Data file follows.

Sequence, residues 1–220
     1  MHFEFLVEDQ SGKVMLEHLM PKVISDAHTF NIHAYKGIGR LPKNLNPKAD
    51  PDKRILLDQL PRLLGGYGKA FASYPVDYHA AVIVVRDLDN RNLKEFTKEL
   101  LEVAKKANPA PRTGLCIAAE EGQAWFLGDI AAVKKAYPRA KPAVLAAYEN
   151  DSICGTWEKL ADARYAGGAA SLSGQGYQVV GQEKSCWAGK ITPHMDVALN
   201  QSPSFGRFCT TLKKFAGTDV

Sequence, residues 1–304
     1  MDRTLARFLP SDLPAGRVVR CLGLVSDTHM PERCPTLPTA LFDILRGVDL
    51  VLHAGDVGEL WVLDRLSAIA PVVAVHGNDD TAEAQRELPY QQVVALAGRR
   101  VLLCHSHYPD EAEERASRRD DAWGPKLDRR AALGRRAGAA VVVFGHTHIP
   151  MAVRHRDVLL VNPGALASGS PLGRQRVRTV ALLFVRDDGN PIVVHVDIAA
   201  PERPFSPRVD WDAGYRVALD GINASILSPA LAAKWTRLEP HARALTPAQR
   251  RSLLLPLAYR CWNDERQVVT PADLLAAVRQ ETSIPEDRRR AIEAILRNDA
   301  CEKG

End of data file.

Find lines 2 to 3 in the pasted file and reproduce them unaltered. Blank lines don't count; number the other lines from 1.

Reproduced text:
     1  MHFEFLVEDQ SGKVMLEHLM PKVISDAHTF NIHAYKGIGR LPKNLNPKAD
    51  PDKRILLDQL PRLLGGYGKA FASYPVDYHA AVIVVRDLDN RNLKEFTKEL